In copyright infringement action concerning trailer for Disney’s blockbuster film Frozen court denied both parties’ motions for summary judgment, finding that plaintiff established genuine factual dispute as to Disney’s access to her film.
Plaintiff Kelly Wilson, the creator of the short film The Snowman, sued The Walt Disney Company and related defendants, alleging that they infringed her copyright when they created the trailer for the film Frozen. The court denied both parties’ motions for summary judgment, finding that there were genuine factual issues.
Wilson argued that the Frozen trailer and The Snowman were so “strikingly similar” that they could not have been created independently. She relied primarily on emails between Disney employees about the similarities between the two works, including one email in which a Disney employee described the works as “strikingly similar.” The court dismissed that evidence, however, noting that the Disney employee was speaking as a layperson rather than using the phrase “strikingly similar” as a term of art. The court was similarly unconvinced by the testimony of Wilson’s expert that the two works were strikingly similar, concluding instead that a reasonable jury could go either way as to whether theFrozen trailer and The Snowman were “substantially similar.”
The court likewise found that factual disputes prevented Disney from prevailing at the summary judgment stage. Because there was a genuine factual dispute as to whether the two works were substantially similar, and because Disney did not establish independent creation, Disney could win its summary judgment motion only if it showed that it lacked access to The Snowman as a matter of law. The court found that it did not. To get the “access” question to a jury, Wilson did not have to present evidence that the creators of the trailer actually viewed or copied The Snowman. Rather, she only had to present evidence that the creators of the trailer had enough of a connection to The Snowman that there was a “reasonable possibility” that they had an “opportunity” to view or copy it.
The court stated that it was not permitted to credit the Disney witnesses’ denials that they’d ever seen Wilson’s work. Instead, the court considered a variety of facts that established at least a possibility of Disney’s access to The Snowman. Notably, The Snowman was screened four times at the 2011 San Francisco International Film Festival, back-to-back with the short film Play by Play, which was created by employees of Pixar, a Disney subsidiary. Many Pixar employees attended the festival, including an executive producer of Play by Play who interacts regularly with Disney’s chief creative officer. The producer also had contact with other Disney employees who were involved in the creation of the Frozen trailer.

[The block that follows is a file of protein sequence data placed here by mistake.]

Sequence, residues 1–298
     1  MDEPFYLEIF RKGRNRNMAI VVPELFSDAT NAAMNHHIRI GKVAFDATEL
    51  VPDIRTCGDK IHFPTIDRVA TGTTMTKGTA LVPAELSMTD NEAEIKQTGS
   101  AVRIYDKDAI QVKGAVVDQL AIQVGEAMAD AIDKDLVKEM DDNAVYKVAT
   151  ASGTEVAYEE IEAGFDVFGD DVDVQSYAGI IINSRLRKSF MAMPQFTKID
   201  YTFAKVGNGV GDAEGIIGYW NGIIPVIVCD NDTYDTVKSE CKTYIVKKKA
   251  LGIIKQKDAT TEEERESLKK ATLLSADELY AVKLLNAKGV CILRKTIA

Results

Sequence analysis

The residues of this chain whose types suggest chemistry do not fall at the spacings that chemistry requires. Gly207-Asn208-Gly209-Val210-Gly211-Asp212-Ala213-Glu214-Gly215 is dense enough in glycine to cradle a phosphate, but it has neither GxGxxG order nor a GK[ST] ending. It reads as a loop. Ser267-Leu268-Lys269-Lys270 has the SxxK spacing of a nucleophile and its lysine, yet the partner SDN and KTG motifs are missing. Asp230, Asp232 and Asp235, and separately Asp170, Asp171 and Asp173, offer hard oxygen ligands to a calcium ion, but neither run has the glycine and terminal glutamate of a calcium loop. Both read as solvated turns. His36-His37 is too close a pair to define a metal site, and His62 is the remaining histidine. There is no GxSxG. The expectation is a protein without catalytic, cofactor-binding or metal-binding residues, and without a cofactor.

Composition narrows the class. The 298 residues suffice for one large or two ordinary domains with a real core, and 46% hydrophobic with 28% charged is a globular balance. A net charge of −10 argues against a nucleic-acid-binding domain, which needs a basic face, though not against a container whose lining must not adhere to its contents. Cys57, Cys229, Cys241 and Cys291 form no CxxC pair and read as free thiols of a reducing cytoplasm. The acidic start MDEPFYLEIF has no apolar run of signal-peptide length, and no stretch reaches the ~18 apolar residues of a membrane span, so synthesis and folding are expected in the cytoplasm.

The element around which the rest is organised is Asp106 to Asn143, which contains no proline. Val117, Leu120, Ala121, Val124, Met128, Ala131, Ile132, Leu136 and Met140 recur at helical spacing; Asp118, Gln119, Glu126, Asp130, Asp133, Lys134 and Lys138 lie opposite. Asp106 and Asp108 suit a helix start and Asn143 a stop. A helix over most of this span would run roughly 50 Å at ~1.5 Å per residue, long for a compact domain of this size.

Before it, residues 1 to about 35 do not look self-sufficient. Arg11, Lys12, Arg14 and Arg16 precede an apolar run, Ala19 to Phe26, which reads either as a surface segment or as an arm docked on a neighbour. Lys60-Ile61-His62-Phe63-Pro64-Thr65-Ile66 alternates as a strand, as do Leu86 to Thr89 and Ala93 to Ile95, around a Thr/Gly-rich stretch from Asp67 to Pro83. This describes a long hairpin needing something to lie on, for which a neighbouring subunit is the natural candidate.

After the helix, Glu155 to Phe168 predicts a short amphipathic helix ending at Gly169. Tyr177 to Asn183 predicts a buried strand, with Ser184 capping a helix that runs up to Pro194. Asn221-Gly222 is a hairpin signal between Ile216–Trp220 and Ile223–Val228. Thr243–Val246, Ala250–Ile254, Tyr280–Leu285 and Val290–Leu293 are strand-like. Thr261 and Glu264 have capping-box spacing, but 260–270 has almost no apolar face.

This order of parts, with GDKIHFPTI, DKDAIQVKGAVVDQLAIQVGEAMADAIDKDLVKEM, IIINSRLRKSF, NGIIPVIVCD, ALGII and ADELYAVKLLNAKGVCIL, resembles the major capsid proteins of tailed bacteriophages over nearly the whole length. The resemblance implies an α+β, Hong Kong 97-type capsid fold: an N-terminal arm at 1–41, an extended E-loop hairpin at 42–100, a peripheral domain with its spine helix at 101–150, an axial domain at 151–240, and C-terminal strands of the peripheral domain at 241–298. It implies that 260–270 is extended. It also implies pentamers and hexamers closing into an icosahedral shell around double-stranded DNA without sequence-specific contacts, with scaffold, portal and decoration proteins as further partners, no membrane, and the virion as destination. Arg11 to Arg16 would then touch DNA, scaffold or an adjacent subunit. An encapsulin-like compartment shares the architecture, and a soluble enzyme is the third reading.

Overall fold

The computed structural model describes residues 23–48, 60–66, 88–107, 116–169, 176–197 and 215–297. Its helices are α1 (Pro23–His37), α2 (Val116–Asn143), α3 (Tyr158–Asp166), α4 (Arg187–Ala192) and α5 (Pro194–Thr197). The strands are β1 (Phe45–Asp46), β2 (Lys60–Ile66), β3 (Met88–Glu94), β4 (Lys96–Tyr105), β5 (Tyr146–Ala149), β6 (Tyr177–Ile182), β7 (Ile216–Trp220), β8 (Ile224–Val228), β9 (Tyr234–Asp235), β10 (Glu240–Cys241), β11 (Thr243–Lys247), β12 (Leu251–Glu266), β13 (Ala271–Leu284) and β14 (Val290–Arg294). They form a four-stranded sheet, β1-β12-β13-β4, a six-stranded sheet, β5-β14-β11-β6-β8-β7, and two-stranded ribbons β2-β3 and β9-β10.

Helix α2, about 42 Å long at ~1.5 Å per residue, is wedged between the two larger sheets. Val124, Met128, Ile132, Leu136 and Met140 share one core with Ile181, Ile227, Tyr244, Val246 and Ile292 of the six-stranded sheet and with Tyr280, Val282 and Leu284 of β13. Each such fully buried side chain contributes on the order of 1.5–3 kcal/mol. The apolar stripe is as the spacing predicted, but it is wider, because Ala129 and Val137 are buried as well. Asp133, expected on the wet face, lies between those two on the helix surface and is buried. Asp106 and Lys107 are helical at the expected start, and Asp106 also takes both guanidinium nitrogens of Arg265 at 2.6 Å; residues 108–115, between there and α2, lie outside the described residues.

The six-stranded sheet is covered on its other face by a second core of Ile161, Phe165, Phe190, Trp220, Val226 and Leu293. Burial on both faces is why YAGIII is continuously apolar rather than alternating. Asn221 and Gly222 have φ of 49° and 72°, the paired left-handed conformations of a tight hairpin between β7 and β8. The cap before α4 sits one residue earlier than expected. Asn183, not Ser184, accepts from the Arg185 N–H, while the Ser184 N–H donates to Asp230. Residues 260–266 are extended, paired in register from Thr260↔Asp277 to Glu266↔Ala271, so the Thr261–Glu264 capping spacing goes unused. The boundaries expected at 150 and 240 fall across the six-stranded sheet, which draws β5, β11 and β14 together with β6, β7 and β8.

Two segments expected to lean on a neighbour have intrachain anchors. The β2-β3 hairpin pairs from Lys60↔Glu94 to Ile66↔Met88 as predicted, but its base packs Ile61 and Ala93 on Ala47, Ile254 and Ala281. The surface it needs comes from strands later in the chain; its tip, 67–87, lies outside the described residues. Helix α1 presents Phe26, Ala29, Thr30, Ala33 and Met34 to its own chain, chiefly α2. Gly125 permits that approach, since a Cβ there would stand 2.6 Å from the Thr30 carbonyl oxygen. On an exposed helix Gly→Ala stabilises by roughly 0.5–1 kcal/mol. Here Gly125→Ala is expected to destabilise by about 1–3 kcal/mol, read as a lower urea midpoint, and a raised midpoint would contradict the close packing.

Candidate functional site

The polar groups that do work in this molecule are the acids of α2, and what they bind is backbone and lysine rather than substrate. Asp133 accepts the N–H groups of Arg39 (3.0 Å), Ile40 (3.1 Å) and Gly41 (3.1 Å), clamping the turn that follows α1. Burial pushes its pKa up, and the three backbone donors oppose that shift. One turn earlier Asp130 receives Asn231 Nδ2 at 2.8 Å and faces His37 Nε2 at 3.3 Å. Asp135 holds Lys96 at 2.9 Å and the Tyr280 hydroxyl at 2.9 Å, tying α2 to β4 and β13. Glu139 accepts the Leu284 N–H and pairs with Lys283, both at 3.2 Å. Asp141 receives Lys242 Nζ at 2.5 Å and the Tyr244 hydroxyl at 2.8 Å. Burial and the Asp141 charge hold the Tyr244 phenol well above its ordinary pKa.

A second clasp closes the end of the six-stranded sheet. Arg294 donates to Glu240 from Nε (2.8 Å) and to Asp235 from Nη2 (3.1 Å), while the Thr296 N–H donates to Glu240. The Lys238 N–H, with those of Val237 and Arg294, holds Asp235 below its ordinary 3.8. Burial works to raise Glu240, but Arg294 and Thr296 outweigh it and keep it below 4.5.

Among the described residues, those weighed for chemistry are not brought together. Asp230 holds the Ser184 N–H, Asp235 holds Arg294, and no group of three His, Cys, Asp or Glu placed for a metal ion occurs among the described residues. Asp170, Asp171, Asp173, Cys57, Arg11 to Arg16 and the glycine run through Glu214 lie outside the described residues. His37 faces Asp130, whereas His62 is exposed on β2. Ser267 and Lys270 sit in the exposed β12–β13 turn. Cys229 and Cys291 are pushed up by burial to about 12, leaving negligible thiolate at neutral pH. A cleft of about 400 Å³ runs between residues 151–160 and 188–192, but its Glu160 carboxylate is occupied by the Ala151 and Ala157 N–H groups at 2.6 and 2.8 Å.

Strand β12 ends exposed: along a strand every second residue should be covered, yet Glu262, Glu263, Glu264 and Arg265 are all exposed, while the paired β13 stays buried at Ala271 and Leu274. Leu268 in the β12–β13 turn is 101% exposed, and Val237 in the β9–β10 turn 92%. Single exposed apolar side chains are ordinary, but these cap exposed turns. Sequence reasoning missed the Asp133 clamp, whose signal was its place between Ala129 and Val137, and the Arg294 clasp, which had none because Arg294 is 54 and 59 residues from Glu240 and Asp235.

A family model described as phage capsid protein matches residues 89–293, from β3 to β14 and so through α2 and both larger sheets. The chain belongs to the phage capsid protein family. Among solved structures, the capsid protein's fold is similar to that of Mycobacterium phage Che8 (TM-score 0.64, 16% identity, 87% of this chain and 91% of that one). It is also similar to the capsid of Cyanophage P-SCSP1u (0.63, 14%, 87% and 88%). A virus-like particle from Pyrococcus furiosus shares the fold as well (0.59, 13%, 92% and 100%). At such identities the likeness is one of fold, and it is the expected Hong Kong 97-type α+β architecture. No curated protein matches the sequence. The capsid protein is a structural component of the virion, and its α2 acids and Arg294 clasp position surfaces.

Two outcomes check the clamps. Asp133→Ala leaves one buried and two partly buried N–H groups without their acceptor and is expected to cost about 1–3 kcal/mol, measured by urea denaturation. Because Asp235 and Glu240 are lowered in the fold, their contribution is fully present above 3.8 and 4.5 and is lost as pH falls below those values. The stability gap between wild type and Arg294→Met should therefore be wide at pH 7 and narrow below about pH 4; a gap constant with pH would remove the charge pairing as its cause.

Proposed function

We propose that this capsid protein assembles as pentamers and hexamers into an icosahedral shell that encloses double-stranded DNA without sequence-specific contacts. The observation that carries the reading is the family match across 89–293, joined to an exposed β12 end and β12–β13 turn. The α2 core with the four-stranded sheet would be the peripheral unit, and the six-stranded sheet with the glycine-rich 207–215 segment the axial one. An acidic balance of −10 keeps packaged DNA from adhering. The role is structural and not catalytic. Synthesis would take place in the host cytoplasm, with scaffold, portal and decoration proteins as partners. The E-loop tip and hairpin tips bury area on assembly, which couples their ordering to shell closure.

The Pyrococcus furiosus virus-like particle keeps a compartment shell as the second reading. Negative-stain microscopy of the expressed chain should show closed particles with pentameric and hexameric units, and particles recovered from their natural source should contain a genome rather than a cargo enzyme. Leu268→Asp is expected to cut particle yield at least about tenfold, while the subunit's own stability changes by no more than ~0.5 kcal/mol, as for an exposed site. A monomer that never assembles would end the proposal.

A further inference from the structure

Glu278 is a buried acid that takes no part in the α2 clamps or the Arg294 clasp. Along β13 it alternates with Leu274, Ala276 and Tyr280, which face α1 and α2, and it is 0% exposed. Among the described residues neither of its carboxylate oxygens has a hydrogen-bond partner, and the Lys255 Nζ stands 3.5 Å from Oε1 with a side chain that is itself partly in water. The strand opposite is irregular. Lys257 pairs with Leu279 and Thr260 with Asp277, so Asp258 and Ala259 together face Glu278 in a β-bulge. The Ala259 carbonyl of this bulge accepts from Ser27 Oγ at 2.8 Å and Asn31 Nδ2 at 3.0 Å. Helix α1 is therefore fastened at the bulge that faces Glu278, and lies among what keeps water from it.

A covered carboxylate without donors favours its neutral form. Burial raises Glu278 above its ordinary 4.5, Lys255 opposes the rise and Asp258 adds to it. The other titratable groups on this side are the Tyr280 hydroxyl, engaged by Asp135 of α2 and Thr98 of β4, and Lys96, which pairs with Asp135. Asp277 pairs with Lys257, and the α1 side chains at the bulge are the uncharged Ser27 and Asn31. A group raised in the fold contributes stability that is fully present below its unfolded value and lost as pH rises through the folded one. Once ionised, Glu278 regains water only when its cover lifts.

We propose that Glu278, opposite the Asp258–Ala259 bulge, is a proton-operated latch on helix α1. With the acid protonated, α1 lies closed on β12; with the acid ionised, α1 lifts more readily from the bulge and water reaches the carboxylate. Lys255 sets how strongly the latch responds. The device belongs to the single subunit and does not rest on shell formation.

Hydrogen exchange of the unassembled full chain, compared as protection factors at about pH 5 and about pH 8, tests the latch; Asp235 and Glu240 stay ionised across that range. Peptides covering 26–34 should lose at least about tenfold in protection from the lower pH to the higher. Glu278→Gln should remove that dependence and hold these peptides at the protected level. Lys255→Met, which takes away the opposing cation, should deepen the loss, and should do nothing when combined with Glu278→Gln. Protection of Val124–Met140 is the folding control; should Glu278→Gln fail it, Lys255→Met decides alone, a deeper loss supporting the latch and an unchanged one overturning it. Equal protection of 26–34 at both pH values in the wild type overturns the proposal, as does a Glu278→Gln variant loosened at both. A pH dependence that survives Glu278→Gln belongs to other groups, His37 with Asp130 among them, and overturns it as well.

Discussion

While the court viewed that connection alone as sufficient to create a factual dispute, additional circumstances made the possibility of access even more “reasonable.” There was evidence that roughly 16 Pixar employees saw The Snowman at the San Francisco International Film Festival, and Wilson spoke onstage with Pixar employees twice during the festival. The Snowman was also shown at seven other film festivals. While the film’s dissemination may not have been “widespread” within the meaning of copyright law, the film festivals increased the possibility that Disney had an opportunity to view or copy the work. There were other circumstances—such as The Snowman’s availability on YouTube and Vimeo, and the fact that a Disney employee searched for “snowman and rabbit” on YouTube—that contributed to the possibility that people involved in the creation of the Frozen trailer had viewed (and perhaps copied) The Snowman. Given these open factual questions, the court concluded that Wilson’s case should be presented to a jury rather than decided on summary judgment.